When I approached more closely, the children, the circle, and the old camera disappeared.

 

 

 

I found myself as an old woman, alone again, with a new camera and nothing more to photograph.

 

Akiva’s Piano Recital

Wednesday, September 9th, 2020

 

 

 

Click to view full screen:

 

L’Île du Marais Monstreβ€”

Friday, September 4th, 2020

 

 

 

 

 

 

 

 

 

 

 

 

 

 

 

 

 

β€”c’est juste un petit garΓ§on.

Johnville Bog & Forest Park, Back Entry

Wednesday, August 26th, 2020

On a cool late August day, we walk around the fence on the far side of the Johnville Bog parking lot to enter the bog the back way. Fence, boulders, and signage are all there to try to keep four-wheelers out of the protected area. In my observation, most people driving four-wheelers have little regard for protected areas.

 

The back trail starts up a steep eroded ridge.

It goes through a disturbed woodland rife with four-wheeler trails.

 

 

 

The trail emerges from the small woodland on top of a rocky ridge.

 

 

 

Below the ridge, one can see the extent of four-wheeler disturbance.

This whole area was once boreal forest bog.

Now, little grows outside the protected area but a few scattered poplars.

 

 

 

We walk through the disturbed area into the forest park.

 

 

 

Tall trees grow here.

 

 

 

We walk through the woods, into the bog.

 

 

 

Black spruce, tamarack, cottongrass and Labrador tea

bring back the sights and smells of Fairbanks, Alaska.

 

 

 

Mouths agape, pitcher plants beckon.

 

 

 

I love this place.

 

 

 

 

 

 

Squirrel Traps! (& other things to worry about on the 6th anniversary of our wedding)

Tuesday, July 14th, 2020

To celebrate six years of being wed, we decided to take a walk in the woods. Or perhaps we decided to take a walk in the woods & what do you know, it was our anniversary! Either way, there we were sitting down eating a snack when Martin fell asleep. Mom believes this tendency is located on the Y chromosome.

 

 

 

While he was resting, Iris invented squirrel traps. As you might suspect, squirrel traps are meant to trap squirrels. Anything meant to trap squirrels should somehow employ nuts. It is quite possible that the idea was inspired by a video that Dad sent us by Mark Rober, “Building the Perfect Squirrel Proof Bird Feeder.” Iris’s resources were a bit more limited than Mr. Rober’s. She dug a hole with a large stick, surrounded it by small sticks, placed a leaf on the bottom, and would bait the leaf at the proper time. This particular squirrel trap, just so you are aware, is not meant to physically trap a squirrel. It is meant to mentally trap their focus for a moment, distracting them from whatever they were concentrating on, enticing them into the hole to eat the nut. Then the squirrel would be free to go.

 

 

 

After much longer than you might think it would take to engineer such a trap, the work was done. Either because she figured it wouldn’t take much to distract a squirrel or because she didn’t particularly want to share her snack, Iris chose the smallest nut she could find then woke Martin for the celebratory baiting of the trap.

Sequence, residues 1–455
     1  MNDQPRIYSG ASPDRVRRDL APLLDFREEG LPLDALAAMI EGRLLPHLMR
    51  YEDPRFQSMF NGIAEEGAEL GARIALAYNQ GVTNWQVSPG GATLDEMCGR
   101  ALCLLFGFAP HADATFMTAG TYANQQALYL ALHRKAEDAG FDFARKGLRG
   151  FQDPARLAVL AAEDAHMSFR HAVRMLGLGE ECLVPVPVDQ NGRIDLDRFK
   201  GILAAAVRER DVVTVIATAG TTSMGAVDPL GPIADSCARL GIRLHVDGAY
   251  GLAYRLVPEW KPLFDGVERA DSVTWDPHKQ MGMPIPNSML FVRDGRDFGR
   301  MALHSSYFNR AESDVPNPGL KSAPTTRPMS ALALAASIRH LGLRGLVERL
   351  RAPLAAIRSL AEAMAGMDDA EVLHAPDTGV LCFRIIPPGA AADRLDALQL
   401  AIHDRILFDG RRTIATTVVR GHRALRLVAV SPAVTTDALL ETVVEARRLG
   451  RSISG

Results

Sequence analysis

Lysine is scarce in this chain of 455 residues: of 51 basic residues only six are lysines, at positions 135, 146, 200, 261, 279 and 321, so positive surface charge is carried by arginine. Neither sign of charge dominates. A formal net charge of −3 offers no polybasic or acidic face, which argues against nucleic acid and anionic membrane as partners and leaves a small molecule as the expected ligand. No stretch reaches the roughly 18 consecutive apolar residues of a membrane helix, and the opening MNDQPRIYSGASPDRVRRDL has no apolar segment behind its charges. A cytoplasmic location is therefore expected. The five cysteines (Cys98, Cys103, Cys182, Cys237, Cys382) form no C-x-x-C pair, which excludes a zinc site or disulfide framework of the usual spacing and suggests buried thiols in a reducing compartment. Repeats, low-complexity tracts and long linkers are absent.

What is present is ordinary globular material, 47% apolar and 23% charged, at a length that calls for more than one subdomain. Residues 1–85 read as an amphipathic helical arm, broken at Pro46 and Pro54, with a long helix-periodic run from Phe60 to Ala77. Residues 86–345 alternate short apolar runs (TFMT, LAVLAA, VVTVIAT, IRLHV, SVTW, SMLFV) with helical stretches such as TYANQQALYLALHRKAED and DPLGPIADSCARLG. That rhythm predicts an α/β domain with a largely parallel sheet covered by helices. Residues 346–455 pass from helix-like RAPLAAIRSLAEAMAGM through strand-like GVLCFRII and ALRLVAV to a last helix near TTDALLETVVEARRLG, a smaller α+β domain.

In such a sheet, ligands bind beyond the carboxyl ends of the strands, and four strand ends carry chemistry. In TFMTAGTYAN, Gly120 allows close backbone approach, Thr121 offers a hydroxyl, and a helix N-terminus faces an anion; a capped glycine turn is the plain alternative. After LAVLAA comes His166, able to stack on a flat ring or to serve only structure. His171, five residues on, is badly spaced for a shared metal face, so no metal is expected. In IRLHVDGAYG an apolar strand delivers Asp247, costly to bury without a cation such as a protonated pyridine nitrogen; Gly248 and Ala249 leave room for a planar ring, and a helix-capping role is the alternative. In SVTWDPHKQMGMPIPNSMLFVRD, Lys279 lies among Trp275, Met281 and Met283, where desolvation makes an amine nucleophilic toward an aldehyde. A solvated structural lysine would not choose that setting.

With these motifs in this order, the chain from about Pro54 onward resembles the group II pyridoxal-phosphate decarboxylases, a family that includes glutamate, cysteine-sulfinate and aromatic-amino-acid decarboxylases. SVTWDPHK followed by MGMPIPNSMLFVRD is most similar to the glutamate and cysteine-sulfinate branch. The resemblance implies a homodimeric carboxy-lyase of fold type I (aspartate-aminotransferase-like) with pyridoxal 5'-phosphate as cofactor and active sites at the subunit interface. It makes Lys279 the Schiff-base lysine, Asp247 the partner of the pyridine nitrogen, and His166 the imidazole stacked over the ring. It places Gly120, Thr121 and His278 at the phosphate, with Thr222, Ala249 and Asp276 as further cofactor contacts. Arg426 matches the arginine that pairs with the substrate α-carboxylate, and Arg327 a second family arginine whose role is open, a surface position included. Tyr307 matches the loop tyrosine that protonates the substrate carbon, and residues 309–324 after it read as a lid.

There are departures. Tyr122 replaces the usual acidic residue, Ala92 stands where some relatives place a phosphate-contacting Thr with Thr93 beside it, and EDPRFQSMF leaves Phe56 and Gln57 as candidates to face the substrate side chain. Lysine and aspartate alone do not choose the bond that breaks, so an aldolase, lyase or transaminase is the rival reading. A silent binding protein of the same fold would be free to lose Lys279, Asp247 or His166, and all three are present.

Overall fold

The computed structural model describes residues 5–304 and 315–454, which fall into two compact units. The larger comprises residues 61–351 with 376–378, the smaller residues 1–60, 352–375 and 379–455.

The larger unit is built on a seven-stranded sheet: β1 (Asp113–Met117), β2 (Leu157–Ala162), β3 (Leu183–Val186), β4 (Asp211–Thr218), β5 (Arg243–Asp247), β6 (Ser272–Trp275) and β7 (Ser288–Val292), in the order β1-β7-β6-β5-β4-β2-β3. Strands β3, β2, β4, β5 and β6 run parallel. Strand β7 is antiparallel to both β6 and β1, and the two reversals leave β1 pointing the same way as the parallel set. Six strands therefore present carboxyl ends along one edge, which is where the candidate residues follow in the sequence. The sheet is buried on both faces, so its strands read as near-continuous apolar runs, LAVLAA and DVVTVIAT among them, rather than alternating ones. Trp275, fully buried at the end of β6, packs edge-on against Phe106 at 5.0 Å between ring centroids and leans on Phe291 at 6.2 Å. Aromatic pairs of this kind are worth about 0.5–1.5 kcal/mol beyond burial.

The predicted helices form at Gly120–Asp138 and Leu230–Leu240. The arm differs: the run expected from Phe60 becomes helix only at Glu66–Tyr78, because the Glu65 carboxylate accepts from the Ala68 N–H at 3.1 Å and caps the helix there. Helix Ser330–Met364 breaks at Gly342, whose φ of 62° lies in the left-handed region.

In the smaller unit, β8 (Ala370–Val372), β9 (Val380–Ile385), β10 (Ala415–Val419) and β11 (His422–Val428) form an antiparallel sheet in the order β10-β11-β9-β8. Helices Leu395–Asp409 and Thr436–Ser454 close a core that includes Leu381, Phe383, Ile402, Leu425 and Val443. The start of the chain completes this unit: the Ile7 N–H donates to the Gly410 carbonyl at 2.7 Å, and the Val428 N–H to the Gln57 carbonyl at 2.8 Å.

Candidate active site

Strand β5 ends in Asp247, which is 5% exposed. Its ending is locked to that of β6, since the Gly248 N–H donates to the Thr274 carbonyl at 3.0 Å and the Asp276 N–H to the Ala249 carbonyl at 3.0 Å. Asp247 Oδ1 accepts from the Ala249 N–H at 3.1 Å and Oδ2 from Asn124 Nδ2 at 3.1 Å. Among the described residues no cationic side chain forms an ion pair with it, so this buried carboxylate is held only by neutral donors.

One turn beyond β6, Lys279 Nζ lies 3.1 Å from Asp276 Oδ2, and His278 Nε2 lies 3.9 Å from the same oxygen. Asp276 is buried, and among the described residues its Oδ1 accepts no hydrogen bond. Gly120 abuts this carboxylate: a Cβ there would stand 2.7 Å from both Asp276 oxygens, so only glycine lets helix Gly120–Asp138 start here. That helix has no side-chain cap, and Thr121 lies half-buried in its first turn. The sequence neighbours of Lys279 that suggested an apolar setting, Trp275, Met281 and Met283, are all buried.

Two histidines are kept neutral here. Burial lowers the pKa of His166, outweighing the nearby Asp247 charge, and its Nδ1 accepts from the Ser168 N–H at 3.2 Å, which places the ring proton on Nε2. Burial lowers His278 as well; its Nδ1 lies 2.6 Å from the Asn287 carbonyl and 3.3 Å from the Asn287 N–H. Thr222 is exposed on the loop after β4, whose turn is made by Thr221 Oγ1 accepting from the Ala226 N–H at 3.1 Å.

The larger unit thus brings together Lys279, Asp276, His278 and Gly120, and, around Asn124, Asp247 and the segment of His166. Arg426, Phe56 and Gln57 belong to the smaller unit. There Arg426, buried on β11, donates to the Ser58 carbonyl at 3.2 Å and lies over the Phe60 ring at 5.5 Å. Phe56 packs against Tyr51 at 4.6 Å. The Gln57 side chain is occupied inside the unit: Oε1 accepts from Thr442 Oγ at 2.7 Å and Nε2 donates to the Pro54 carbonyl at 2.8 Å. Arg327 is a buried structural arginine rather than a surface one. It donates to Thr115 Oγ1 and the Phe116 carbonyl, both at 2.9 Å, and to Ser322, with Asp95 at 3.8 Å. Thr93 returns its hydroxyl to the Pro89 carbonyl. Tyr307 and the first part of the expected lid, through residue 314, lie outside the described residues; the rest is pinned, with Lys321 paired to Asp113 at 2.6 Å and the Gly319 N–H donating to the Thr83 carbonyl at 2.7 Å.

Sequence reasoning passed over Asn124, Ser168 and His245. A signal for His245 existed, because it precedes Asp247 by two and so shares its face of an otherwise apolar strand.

When we reached the place of the grandfather trees, Iris resumed building. First, she experimented with building tripods. She tried very hard. What she learned is that it is difficult to lean three sticks together and have them stay just so.

 

 

 

Meanwhile, Akiva continued to play toss-the-spike with an iron spike that we found in an old junk pile. He had been playing it the whole way’s down the path since the junk pile. It’s played like this: toss the spike. Walk forward. Pick up the spike. Repeat. Usually, the spike lands sideways, bounces, then spins.

 

 

 

In this photograph, I have managed to capture the moment the spike landed point-down in the ground. Pine needles splash like water drops.

 

 

 

While this is going on, I play with the panorama feature on my camera. I have never used it before. Upon developing the photos, I see that, when taking a horizontal panorama, it would be a good idea to have a long depth of field. My favorite panorama captures Martin once again enjoying the activity of woodland resting.

 

 

 

Having given up on building a tripod, Iris built a common four-sided gnome house with a bark roof. She chose a nice forked stick to set off the front door so that the gnomes would know how to enter properly.

 

 

 

Finally, I took some portraits of my children. Mom says I should just take some nice photos of them now and again. Aside from the days when I take lots and lots of photos at once, I hardly seem to be taking many photos at all lately. But the woods are lovely for portraits. Here are some regular-ol’ photos of my kiddos, so’s you can go on and admire their cuteness. Or at least so I can admire their cuteness. That’s why I take photos, really: not for you: for me.